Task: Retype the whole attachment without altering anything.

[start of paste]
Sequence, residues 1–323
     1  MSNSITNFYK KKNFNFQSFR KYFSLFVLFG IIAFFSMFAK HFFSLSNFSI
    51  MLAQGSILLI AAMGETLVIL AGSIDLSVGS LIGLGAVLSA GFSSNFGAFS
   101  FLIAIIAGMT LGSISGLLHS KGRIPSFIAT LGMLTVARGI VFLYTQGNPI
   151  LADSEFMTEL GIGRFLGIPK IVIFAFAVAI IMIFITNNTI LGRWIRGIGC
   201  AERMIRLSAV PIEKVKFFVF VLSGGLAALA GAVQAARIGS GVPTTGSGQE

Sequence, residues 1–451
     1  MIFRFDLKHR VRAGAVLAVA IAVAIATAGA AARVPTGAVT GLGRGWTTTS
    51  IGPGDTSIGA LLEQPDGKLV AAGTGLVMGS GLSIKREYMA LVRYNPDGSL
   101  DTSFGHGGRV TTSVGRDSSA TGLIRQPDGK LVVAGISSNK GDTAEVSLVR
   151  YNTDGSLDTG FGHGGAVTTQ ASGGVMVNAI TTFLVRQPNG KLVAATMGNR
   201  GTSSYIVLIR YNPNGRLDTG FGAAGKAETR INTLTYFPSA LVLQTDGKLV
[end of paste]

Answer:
Sequence, residues 1–323
     1  MSNSITNFYK KKNFNFQSFR KYFSLFVLFG IIAFFSMFAK HFFSLSNFSI
    51  MLAQGSILLI AAMGETLVIL AGSIDLSVGS LIGLGAVLSA GFSSNFGAFS
   101  FLIAIIAGMT LGSISGLLHS KGRIPSFIAT LGMLTVARGI VFLYTQGNPI
   151  LADSEFMTEL GIGRFLGIPK IVIFAFAVAI IMIFITNNTI LGRWIRGIGC
   201  AERMIRLSAV PIEKVKFFVF VLSGGLAALA GAVQAARIGS GVPTTGSGQE

Sequence, residues 1–451
     1  MIFRFDLKHR VRAGAVLAVA IAVAIATAGA AARVPTGAVT GLGRGWTTTS
    51  IGPGDTSIGA LLEQPDGKLV AAGTGLVMGS GLSIKREYMA LVRYNPDGSL
   101  DTSFGHGGRV TTSVGRDSSA TGLIRQPDGK LVVAGISSNK GDTAEVSLVR
   151  YNTDGSLDTG FGHGGAVTTQ ASGGVMVNAI TTFLVRQPNG KLVAATMGNR
   201  GTSSYIVLIR YNPNGRLDTG FGAAGKAETR INTLTYFPSA LVLQTDGKLV